Going against the grain – Clyde & Co

When London-based insurance firm Clyde & Co opened an office in Madrid in 2013, some people in the legal sector wondered why. With the Spanish economy going through a tough period, there was a view that it was not the best time to be trying to establish a new operation. But as Partner Ricardo Garrido points out, the insurance industry – which Clyde & Co internationally has partly built its reputation on serving – is counter-cyclical, so, in fact, it was a good time to launch.

“There is more litigation now and there are a lot of insolvencies – leading to more disputes.” This is a strategy that is well established at the firm. Fellow Partner Ignacio Figuerol says Clyde & Co Chairman, and former Senior Partner, Michael Payton, holds the view that the best time to enter jurisdictions is when the economic conditions are not quite at their best. So what other opportunities exist for the firm in Spain? Figuerol highlights professional indemnity as one of the key growth areas for the firm.
 “There is more and more compulsory insurance being introduced,” he says. He highlights the example of compulsory insurance schemes being established for mediators. According to Figuerol – who specialises in professional indemnity and directors and officers cases – there is now a greater tendency towards litigation in Spain. “The claims mentality is increasing,” he says. This is a view shared by Garrido. “Ten years ago, Spain was not a litigious country – it was not in the culture, but this is changing,” he says.
Clyde & Co opened the Madrid office on May 27th last year. Immediately, the new partners began seeing opportunities for new lines of business, according to Garrido, who focuses on engineering, product liability and environmental law. “On the first day, we had an instruction from Shanghai, which was something new for us,” he says.
The office opened with nine lawyers, including four Equity Partners and two Partners. They had all joined from DAC Beachcroft. “This was our first move and we would expect it to be our last,” says Garrido. Meanwhile, Figuerol explains that it was a big step for the team to leave its previous firm.
The four Partners to move to Clyde & Co were: Figuerol, Garrido, Miguel Relaño and Pablo Guillén. Clyde & Co´s London-based management team said it had wanted the four Partners to join the firm because of their “extensive experience advising Lloyd´s syndicates and Spanish and international insurance and reinsurance companies on a wide range of complex contentious, transactional and regulatory matters”.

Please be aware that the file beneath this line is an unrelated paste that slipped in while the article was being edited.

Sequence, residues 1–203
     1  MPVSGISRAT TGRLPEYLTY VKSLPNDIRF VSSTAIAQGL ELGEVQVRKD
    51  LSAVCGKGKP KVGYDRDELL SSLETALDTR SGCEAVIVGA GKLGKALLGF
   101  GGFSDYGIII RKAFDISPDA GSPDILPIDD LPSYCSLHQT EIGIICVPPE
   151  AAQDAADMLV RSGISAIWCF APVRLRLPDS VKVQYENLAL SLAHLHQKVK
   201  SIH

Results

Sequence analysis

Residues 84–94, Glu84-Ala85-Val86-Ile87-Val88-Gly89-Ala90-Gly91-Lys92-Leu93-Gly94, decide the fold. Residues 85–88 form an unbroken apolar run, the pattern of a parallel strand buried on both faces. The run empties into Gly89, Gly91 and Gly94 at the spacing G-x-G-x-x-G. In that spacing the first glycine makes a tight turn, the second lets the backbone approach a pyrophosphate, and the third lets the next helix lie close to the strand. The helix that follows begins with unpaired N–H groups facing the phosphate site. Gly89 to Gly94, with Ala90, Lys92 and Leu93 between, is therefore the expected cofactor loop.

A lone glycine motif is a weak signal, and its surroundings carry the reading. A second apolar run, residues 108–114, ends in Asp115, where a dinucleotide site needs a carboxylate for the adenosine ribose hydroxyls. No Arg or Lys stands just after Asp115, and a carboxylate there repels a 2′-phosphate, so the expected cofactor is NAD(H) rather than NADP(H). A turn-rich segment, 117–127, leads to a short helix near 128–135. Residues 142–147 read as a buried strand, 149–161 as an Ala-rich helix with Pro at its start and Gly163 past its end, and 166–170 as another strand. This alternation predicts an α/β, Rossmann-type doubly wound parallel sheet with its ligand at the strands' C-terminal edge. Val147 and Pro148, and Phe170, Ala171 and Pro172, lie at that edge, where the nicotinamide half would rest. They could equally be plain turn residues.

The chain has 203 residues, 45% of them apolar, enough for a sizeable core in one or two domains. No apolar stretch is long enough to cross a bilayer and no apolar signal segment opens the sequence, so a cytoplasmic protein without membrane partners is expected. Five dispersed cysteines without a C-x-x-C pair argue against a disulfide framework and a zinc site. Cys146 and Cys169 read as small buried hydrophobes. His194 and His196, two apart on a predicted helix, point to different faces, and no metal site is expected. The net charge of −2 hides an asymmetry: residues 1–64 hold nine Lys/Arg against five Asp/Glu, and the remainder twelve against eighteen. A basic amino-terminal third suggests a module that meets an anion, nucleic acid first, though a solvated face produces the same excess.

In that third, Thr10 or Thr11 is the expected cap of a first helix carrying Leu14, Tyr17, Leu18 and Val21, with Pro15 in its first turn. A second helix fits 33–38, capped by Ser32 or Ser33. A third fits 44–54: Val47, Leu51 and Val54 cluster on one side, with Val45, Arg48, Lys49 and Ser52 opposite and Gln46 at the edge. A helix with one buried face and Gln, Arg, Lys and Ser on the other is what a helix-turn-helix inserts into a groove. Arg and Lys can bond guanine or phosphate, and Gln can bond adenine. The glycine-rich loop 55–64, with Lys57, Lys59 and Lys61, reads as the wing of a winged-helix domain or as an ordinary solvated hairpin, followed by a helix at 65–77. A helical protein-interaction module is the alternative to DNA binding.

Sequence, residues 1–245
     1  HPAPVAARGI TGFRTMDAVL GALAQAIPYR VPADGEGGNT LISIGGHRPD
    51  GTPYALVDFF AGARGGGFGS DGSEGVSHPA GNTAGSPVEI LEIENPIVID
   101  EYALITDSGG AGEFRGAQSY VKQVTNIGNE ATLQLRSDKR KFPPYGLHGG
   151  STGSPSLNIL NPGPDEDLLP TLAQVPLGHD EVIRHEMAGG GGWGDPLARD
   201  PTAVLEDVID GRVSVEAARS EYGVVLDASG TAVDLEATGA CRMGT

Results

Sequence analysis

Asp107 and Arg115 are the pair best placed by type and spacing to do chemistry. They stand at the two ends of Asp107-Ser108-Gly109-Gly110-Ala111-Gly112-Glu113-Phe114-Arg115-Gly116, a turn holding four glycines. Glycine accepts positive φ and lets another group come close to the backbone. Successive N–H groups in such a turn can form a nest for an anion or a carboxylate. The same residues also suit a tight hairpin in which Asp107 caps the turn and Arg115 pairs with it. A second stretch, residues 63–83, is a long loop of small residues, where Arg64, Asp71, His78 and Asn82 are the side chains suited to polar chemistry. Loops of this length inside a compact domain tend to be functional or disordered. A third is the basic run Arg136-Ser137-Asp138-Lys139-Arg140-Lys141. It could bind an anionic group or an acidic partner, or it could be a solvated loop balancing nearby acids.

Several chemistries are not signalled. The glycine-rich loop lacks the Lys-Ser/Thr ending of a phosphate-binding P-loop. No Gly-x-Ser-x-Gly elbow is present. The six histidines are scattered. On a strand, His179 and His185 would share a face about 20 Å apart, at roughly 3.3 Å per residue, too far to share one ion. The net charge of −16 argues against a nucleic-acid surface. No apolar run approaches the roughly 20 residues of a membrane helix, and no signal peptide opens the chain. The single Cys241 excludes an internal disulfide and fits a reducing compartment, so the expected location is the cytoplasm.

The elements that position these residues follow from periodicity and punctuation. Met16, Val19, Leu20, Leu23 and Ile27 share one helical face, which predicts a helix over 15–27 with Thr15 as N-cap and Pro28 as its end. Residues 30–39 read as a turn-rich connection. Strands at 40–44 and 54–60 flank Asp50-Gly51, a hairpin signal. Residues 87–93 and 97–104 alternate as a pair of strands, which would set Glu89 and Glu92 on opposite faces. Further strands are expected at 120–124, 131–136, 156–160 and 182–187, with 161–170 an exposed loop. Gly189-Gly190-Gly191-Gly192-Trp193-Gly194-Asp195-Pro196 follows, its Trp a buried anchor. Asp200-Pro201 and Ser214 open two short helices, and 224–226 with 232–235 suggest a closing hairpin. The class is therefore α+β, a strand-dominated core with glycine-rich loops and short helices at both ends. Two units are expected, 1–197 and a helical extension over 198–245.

The four were joined at Clyde & Co by Partners Ana Emparanza and Jesús Iglesias and Associates Sofía García-Ollauri, Luis Enrique Rodríguez and Alejandra Llobera. Since then the team has increased by three lawyers (Associates Sara Aylagas, Eva Fuerte and Laura Ochoa) to make a total of 12, and Figuerol says a further two lawyers will join the firm shortly.
Does the Madrid office have a Managing Partner? Figuerol says there is not one as such and that all the partners try to share management responsibilities.

Going global
Garrido explains that the appeal of Clyde & Co was that it had an international reach. “The big attraction for us was that it was a leading worldwide insurance and liability firm,” he says. But there was another reason for the move, which, according to Figuerol, was the “preeminent position of Clyde & Co in the insurance market, particularly after the merger with Barlow Lyde & Gilbert”. He adds: “Clyde & Co’s profile fitted very well with the practice of the lawyers who moved.”
Figuerol describes the specialities of Clyde & Co´s Madrid office as: insurance industry risk, including product liability, construction, energy, corporate and regulatory for insurance clients, directors & officers, and professional indemnity. But the next step will be to move into aviation and transport, as these are areas in which the firm´s London office has expertise, he adds.
So how exactly does Clyde & Co benefit from having a Madrid office? “Spain is an important insurance market,” says Garrido. “And there is the obvious link with Latin America – this business can be led from Madrid.” Garrido explains that there are a lot of construction projects taking place in Latin America and many of the firm´s Spanish clients are getting involved in the relevant tenders.When Clyde & Co recruited Figuerol, Garrido and the rest of the team, Senior Partner James Burns said that Madrid provided a “strong base” for insurance activity and added that it was an opportunity to establish a Madrid presence with a team of lawyers that were the “pre-eminent insurance litigators in Spain”.